walked all over at work

“I let people walk all over me at work”: women reveal what it’s like to be the office doormat

Being talked over at work or forced to do “office housework” not in your job description can lead to low self-esteem and imposter syndrome. Two women reveal what they’ve learned from being walked all over at work. 

Have you ever noticed you’re always the person making teas for the entire office? Perhaps you’re often talked over on Zoom calls, the colleague everyone dumps their admin on, or you’re always expected to take the meeting notes – regardless of whether or not it’s in your job description.

If the feeling of being the office doormat is familiar to you, then you’re not alone. Research suggests that women are 29% more likely than white men to do so-called “office housework” such as making coffee or organising team events, and only 8% of women say that they find it easy to make their voice heard at work.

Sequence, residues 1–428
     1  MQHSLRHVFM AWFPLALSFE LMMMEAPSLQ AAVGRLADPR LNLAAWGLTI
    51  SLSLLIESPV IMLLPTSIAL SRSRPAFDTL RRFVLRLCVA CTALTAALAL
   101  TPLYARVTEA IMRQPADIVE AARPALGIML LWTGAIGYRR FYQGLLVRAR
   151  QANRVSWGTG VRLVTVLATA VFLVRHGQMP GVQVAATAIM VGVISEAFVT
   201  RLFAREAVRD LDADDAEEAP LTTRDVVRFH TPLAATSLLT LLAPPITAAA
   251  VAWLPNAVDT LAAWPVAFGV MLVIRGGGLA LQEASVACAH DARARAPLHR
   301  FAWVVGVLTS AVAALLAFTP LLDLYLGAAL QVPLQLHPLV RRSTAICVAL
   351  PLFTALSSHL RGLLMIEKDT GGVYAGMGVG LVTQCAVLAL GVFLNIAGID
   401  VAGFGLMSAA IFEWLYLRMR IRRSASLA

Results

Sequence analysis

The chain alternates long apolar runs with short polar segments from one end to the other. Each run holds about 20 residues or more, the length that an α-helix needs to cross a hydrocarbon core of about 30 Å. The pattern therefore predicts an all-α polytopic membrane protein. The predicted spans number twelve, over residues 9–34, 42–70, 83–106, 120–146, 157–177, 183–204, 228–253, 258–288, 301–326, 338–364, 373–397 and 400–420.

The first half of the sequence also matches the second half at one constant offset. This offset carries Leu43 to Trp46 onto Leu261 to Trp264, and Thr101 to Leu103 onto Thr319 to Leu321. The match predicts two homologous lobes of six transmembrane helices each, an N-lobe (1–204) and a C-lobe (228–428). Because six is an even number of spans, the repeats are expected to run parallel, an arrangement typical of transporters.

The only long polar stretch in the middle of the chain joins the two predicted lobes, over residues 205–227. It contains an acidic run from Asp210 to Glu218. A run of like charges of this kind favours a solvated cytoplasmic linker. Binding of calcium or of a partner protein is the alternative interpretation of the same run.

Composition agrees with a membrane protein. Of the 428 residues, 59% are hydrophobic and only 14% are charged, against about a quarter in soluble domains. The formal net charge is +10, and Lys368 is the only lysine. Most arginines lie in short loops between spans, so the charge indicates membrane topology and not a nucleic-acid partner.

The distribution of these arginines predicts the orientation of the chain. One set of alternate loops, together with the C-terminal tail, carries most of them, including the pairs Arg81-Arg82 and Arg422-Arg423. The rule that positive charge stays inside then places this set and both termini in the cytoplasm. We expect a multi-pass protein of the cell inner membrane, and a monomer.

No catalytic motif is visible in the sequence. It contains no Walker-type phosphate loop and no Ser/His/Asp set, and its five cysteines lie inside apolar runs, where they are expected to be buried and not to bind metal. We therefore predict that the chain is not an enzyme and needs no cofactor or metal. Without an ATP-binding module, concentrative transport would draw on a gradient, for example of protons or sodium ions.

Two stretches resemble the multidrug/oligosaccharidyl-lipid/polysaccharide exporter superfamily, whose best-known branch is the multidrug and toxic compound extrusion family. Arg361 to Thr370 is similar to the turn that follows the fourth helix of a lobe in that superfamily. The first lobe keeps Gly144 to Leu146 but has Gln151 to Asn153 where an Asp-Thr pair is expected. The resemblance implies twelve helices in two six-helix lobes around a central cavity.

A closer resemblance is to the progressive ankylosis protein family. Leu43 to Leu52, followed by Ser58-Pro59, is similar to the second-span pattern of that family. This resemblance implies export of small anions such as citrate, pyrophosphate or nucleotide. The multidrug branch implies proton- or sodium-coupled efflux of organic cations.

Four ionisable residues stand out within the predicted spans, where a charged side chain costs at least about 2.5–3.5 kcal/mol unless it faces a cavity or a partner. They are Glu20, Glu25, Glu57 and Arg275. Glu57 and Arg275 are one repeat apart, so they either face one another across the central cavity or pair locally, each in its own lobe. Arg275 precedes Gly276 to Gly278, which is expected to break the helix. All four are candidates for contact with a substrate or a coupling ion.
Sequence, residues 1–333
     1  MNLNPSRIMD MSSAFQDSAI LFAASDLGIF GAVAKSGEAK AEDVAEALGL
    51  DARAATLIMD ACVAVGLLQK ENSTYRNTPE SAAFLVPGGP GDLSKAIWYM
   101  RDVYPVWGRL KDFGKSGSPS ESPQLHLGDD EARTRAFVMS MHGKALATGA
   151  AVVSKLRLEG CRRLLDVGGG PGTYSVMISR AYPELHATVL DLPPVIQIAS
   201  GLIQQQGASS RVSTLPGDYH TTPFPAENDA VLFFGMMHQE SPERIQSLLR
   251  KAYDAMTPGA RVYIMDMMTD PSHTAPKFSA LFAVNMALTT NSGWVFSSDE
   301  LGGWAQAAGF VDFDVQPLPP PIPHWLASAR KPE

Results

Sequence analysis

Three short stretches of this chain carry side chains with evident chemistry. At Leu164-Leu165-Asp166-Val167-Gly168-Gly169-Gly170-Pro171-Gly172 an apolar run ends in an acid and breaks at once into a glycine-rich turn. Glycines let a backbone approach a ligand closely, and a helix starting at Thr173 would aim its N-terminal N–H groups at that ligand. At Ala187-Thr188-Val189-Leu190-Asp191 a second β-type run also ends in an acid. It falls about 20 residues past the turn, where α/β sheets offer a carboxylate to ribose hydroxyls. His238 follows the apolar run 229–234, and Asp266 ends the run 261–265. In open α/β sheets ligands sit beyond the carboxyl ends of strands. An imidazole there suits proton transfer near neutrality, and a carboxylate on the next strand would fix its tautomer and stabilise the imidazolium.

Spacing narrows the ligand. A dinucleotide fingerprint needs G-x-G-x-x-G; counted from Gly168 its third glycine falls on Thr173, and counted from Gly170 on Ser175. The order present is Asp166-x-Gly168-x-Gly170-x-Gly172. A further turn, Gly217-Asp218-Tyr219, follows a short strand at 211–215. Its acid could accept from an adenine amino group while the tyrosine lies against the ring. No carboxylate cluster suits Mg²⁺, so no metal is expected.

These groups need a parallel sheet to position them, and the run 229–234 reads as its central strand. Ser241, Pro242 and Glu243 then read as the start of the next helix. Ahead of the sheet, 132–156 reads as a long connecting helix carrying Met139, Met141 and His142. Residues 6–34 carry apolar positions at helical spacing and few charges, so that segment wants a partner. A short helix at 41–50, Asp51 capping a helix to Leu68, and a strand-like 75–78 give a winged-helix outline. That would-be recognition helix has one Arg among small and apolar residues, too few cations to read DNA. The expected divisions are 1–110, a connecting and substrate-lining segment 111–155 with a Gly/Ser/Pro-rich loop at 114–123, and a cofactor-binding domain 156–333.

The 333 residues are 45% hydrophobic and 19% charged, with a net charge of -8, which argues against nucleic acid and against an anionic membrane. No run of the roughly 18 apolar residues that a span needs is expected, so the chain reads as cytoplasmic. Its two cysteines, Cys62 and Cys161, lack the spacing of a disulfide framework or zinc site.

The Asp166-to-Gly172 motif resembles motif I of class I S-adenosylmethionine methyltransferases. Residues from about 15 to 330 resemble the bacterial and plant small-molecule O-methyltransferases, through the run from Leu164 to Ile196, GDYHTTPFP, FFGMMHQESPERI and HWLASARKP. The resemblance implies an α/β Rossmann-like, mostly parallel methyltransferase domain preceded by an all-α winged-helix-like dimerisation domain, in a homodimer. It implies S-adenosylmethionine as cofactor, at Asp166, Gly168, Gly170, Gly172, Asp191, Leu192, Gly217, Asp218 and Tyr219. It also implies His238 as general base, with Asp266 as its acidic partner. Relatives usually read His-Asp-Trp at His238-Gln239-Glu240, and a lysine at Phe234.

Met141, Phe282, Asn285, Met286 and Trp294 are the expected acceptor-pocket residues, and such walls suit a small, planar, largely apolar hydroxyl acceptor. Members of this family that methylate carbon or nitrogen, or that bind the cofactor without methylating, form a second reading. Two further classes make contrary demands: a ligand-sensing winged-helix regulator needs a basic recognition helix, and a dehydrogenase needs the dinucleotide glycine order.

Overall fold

We spoke to two women who have experienced being walked over at work to find out how it impacted them. 

Jessica, 32, from West Sussex, works as a freelance hair and make-up artist. She’s often found herself being walked over at work and belittled by clients.

“My whole adult life I’ve been told that I look younger than I am. I just used to smile and never thought much of it. However, when I went freelance I started to notice an uneasy energy when I first arrived at a meeting with a new client. They either seemed slightly nervous or would talk to me in a very condescending or patronising way.

People would often seem surprised when I told them how long I had been working in hair and make-up and tell me that they had assumed that I was much younger. I often found that when they realised [I wasn’t as young as they thought] they would start to speak to me more respectfully.